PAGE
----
Embracing Fear, Friendship, and Hope: Journeying with Courage in Academia
In this keynote, Dr. Michelle Chatman will discuss what it means to be a “humane institution,” one that uses its myriad resources — human, intellectual, creative, relational, and capitol — to address challenging social conditions, both within and outside of the walls of academia. Such an institution protects the vulnerable within its walls: women, queer and trans people, Muslims, people of color, the disabled, and the undocumented, among others.
Many have had experiences of harm within, and by, their institutions. How do we create safer and calmer spaces to work, to teach, to dream, and to thrive? Michelle Chatman will discuss some of the tools to accomplish this, primary of which is the courage to confront our fears, challenge normalized epistemology based in western culture, and build interdisciplinary communities that engage in campus, community, and global social action.
How do we, as scholars and activists, find our authentic contemplative voice as we lead our institutions in this work? Dr. Chatman will address how her institution is addressing Black youth criminalization, gentrification, and environmental sustainability using contemplative approaches. Being who we authentically are, within our institutional structures, culturally, socially, and spiritually — and inviting our students and colleagues to be their whole selves — reconnects us to what is too important to ignore or avoid, and recommits us to our deepest work.
Keynote Speaker: Dr. Michelle Chatman
Michelle Chatman, Public Anthropologist, is Assistant Professor in the Crime, Justice, and Security Studies program at the University of the District of Columbia.
Through her efforts, Dr. Chatman has increased the University of the District of Columbia’s utilization of mindfulness and contemplative approaches to enhance campus well-being, support student learning, and build stronger connections within and across the university. Her campus accomplishments include organizing a contemplative speakers series, hosting EXHALE (one day faculty Retreats), establishing the contemplative faculty learning community and Mindful Mondays, and bringing a national mindfulness conference to the UDC campus this Spring semester 2018. Her commitment to contemplative inquiry, social justice, and personal development, is also evidenced in the numerous workshops and presentations she has conducted around the country as UMass/Amherst, Smith College, Miami University/Ohio, Antioch University, Virginia State University, Community College of Baltimore County and numerous other venues.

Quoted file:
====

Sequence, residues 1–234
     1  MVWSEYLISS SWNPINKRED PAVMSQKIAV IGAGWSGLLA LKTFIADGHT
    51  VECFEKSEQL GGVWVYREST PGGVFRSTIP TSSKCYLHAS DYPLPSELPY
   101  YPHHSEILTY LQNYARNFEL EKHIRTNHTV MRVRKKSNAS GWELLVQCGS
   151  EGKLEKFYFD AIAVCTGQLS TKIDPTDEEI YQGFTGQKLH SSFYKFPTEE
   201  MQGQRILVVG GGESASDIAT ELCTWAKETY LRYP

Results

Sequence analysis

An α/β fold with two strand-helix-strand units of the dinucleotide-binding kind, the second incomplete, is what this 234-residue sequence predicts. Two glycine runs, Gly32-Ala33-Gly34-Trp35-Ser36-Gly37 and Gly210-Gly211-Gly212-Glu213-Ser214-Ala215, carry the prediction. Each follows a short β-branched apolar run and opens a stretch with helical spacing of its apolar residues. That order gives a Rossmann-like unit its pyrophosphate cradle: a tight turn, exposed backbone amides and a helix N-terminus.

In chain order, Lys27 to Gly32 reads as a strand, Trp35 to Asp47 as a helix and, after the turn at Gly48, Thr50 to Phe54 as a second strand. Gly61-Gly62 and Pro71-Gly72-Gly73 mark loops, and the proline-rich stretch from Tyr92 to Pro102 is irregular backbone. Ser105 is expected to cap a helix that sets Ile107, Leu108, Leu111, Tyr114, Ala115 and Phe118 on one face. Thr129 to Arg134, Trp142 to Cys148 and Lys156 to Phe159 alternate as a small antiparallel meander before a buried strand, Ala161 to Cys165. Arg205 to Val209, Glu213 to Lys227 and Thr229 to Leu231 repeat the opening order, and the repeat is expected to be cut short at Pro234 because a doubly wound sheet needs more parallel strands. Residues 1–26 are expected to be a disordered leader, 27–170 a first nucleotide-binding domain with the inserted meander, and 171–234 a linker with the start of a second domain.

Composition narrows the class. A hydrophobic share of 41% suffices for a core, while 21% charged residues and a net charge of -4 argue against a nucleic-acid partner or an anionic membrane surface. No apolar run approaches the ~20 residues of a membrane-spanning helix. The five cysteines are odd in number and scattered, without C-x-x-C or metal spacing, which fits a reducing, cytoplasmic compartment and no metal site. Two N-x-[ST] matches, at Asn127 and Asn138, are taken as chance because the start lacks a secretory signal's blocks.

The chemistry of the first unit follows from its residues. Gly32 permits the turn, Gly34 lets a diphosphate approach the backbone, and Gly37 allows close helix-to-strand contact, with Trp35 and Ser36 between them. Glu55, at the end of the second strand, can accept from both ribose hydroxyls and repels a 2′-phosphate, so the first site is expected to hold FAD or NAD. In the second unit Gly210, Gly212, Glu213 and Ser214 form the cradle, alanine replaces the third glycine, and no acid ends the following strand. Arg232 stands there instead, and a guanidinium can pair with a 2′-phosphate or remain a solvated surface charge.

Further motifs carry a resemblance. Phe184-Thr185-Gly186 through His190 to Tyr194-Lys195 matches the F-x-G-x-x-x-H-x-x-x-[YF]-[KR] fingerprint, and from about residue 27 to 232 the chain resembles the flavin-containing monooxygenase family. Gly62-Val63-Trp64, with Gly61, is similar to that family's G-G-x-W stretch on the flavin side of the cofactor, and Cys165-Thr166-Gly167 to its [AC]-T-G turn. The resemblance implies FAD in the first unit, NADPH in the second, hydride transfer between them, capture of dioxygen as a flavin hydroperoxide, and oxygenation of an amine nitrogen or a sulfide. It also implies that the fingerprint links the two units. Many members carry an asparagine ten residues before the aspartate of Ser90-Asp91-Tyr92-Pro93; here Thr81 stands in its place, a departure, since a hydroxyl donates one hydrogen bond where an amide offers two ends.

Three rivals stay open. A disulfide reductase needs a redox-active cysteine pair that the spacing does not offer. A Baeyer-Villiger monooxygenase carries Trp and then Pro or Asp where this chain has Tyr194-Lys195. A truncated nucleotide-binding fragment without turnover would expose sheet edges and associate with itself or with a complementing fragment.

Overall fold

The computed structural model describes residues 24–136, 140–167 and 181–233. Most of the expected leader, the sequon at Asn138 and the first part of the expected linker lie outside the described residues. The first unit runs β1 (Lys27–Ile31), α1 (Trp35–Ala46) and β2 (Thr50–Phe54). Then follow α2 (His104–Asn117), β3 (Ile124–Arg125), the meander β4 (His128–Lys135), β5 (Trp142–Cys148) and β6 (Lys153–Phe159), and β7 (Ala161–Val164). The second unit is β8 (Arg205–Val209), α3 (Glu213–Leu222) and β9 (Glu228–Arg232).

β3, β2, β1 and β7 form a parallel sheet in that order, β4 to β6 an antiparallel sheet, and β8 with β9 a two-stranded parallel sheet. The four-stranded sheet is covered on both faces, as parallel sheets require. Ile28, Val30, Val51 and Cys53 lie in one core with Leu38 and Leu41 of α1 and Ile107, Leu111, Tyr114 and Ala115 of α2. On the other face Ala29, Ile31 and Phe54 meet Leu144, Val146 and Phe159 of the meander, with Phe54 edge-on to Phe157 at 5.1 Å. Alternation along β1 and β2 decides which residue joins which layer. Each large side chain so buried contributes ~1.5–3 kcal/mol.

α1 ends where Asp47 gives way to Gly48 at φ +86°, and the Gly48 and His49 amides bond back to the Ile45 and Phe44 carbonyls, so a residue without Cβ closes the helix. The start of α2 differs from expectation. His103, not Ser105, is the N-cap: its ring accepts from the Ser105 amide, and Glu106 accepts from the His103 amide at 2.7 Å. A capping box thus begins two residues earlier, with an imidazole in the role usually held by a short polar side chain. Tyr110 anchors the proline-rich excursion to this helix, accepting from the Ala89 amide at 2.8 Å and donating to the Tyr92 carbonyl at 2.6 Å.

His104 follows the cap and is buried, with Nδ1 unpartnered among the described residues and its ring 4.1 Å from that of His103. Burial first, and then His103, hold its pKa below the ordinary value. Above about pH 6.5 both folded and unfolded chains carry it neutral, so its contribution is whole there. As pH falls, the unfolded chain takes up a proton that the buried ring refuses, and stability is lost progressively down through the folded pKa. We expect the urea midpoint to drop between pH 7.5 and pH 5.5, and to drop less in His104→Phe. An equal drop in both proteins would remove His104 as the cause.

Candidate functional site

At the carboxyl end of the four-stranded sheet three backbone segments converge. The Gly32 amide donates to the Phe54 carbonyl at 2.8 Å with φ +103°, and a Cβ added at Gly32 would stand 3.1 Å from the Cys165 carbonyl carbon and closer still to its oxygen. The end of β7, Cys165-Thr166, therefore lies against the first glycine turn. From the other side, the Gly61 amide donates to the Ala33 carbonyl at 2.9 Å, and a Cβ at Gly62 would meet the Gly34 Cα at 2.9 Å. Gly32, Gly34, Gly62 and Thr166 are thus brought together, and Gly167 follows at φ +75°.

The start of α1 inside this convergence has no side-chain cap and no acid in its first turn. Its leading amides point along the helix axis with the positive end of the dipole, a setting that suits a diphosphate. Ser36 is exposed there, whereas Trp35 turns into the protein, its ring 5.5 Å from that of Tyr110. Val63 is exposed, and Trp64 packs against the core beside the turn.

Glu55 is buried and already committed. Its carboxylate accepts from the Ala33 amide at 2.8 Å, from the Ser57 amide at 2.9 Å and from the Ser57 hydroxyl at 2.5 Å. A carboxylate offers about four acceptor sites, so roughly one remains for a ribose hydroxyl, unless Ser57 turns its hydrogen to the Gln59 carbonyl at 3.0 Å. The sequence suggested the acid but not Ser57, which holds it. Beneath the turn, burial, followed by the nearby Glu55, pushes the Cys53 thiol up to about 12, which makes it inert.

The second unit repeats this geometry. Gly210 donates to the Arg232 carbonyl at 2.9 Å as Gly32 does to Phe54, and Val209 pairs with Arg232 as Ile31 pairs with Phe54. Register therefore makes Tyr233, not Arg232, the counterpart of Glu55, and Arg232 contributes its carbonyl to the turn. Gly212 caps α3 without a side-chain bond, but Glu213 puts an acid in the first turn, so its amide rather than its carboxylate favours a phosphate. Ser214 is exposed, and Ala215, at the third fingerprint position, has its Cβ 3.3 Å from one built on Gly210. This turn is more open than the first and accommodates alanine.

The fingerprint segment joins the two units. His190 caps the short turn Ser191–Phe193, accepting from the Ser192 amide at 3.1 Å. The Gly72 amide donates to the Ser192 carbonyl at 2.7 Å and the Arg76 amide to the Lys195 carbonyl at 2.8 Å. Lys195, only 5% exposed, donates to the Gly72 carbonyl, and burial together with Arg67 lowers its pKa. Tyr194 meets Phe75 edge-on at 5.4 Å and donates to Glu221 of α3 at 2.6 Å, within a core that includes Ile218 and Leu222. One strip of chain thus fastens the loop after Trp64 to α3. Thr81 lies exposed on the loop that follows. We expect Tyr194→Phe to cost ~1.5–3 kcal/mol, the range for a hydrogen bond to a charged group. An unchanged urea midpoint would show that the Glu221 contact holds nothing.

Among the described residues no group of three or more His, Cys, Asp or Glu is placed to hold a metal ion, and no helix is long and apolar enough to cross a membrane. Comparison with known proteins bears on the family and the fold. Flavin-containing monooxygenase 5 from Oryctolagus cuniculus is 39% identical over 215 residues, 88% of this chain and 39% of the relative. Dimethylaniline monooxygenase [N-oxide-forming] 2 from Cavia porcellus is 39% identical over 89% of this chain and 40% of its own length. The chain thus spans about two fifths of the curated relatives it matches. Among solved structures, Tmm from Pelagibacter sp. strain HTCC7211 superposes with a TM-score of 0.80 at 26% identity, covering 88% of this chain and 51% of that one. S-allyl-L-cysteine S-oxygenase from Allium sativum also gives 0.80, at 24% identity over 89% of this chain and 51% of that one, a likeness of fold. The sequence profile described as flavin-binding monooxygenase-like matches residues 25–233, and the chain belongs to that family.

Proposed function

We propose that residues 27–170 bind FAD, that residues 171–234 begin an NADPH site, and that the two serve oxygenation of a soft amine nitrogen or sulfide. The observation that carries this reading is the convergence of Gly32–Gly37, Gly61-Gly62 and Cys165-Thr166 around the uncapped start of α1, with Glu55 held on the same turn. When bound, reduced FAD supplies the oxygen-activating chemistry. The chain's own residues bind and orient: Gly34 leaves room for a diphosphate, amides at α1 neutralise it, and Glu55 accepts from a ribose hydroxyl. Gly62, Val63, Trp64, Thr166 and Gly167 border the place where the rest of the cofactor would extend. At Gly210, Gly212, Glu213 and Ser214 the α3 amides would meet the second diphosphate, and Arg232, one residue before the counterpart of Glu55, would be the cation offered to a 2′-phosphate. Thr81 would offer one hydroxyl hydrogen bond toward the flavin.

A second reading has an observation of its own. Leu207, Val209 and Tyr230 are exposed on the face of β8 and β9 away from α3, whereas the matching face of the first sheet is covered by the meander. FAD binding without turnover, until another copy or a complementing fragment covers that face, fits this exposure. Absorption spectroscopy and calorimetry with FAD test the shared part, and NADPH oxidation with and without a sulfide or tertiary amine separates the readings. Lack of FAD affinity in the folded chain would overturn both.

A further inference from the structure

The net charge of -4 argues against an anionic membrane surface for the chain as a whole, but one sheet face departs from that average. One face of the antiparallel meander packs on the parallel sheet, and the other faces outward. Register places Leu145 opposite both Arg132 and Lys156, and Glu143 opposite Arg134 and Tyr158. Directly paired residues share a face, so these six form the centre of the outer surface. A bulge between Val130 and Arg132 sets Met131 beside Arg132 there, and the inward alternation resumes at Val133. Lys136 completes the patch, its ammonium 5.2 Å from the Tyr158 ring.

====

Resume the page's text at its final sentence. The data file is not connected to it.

Dr. Chatman has also integrated mindfulness and contemplative approaches into her research endeavors. She is a Research Fellow in the Robert Wood Johnson Foundation’s Interdisciplinary Research Leaders Program. The fellowship includes training in health equity research along with a $350,000 grant to support her team’s research on using mindfulness, restorative justice and equity education as a violence prevention strategy among African American high school youth. Dr. Chatman was also recently selected to participate in the Transformative Educational Leadership Program, a yearlong program on Mindfulness-based Social, Emotional, Academic and Ethical Learning for K-12 Systemic Change. Michelle serves on the board of directors for the Center for Contemplative Mind in Society and the Mindfulness in Education Network. In her inspiring TEDx talk, How Africa Changed My Life, she links her contemplative journey to her volunteerism in The Gambia, West Africa, following her undergraduate experience at UDC, An emerging leader in this field, Dr. Chatman will be one of the featured speakers in the higher education track during the 2018 Mindfulness at Work Summit, which will kick off in June 2018.